Guests attend the 2021 Air Force Association Air, Space and Cyber Conference in National Harbor, Md., Sept. 20, 2021.

Guests attend the 2021 Air Force Association Air, Space and Cyber Conference in National Harbor, Md., Sept. 20, 2021. U.S. Air Force / Eric Dietrich

Defense Business Brief: AFA conference preview; Raytheon loses $2B R&D tax-break; Lockheed’s new slogan; and a lot more.

It’s that time of the year! The busy defense conference season starts Monday at the annual Air, Space, and Cyber conference hosted by the newly rebranded Air and Space Forces Association. 

At the event—which many still call AFA since the association did not change its well-known acronym—we’re expecting to hear from leaders across the Air Force and Space Force about Russia’s invasion of Ukraine, strategic competition with China, aircraft and satellite modernization, and other top issues.

This year’s conference program has a strong focus on new drones and space technology, as well as next-generation weapons, digital engineering, artificial intelligence, and Joint All-Domain Command and Control.

But circle Tuesday on the calendar; we’re scheduled to get a update about the super-secret B-21 stealth bomber, which later this year is expected to be rolled out from behind the classified curtain.

The conference is a good chance to take the pulse of not only the Air and Space Forces, but also the industrial base. With hundreds of exhibitors scheduled to be in attendance, ranging from Big 6 defense contractors to smaller suppliers, we’re expecting to hear a lot about how high inflation rates, worker shortages, and supply-chain bottlenecks are affecting weapons projects. 

Some Air Force-related news dribbled out this week ahead of the show. Defense startup Anduril unveiled a scalable mobile operations center that can back up larger regional command centers. Read about that here.

Also next week: Ukrainian President Volodymyr Zelenskyy will make a pitch to the U.S. defense industry to support his country’s military, now six months into a fight for their lives. On Wednesday, Zelenskyy and Ukrainian Defense Minister Oleksii Reznikov are scheduled to speak via video to attendees of the National Defense Industrial Association’s Future Force Capabilities Conference and Exhibition in Austin, Texas. “Zelenskyy is expected to discuss Ukrainian defense needs and the critical primacy of the United States in advanced technology and hardware for the fight,” NDIA said in a statement. “His speech marks a rare moment for the Eastern European leader, as he directly addresses American military leaders and the defense industrial base.”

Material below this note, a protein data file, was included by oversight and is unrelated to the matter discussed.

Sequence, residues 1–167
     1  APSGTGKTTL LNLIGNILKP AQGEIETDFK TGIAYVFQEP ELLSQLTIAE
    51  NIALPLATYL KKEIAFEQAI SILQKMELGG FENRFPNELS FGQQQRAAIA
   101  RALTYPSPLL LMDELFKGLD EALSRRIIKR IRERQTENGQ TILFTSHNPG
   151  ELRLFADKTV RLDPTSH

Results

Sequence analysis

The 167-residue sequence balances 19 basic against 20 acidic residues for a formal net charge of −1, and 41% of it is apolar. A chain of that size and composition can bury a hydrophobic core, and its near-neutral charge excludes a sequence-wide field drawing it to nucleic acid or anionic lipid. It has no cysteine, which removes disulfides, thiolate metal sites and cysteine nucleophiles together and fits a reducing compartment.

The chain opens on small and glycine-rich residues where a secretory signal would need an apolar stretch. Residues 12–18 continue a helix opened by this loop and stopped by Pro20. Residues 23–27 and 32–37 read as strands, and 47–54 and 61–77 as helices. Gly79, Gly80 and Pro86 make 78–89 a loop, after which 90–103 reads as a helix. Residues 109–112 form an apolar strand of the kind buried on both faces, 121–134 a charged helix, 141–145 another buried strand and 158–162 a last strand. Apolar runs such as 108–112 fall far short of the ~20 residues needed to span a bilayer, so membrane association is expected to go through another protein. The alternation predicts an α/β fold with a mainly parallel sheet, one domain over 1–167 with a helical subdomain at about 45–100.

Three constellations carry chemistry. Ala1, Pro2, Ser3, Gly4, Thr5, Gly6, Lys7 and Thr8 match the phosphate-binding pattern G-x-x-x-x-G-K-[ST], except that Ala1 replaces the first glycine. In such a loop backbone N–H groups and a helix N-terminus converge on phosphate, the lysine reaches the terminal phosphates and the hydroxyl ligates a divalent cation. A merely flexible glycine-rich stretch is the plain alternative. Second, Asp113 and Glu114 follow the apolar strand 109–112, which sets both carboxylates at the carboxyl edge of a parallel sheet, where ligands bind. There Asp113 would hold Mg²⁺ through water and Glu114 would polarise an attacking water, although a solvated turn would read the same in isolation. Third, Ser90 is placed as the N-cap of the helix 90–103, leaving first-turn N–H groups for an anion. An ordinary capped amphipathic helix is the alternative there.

On the topic of Ukraine and Russia, the U.S. Navy nonchalantly mentioned on social media that it has fielded a truck-mobile version of the SM-6 interceptor. The Raytheon-made interceptor, designed to shoot down missiles and aircraft, is typically installed on ships. U.S. Navy Europe tweeted that its “personnel conducted convoy protection rehearsals” with a “modular SM-6 launching system within” Europe on Sunday. The War Zone has some context about the significance of the modified SM-6 here. Recall: back in 2016, the Pentagon’s Strategic Capabilities Office modified the air-defense missile to sink ships.

And there’s yet another U.S. weapons package heading to Ukraine. This one totals $600 million and includes HIMARS ammunition, 105-millimeter artillery rounds, counter-drone technology, counter-artillery radars, mine clearing equipment, and more. The U.S. has pledged more than $15.8 billion in security assistance to Ukraine since January 2021. More, here.

China sanctioned two U.S. execs: Raytheon Technologies CEO Greg Hayes and Boeing Defense Space and Security CEO Ted Colbert. Reuters notes that a spokesperson for China’s foreign ministry “did not elaborate on what the sanctions would entail or on how they would be enforced.” Of note, Beijing did not sanction Boeing CEO Dave Calhoun. China’s airlines are a major customer of Boeing’s commercial airplanes. The sanctions come one day after Calhoun and Boeing CFO Brian West said the company would seek new customers for 737 MAX planes built for Chinese airlines but not delivered. China has not re-certified the MAX to fly in its airspace following deadly crashes in 2018 and 2019. “We've deferred this decision long [enough] and now we have to think about investors," West said Thursday at a Morgan Stanley investors conference. "We've got confidence and conviction that we can remarket them."

Raytheon Technologies said the expiration of a research-and-development tax break would cost the company $2 billion. There had been hope that Congress would extend the 2017 law that allowed companies to write off R&D expenses, but that still hasn’t happened. “The amortization-expensing fix should be in a year-end tax extenders bill, and it's likely trade bait for Dems to get a child tax credit included,” Cowen & Company analyst Roman Schweizer wrote in an August note to investors.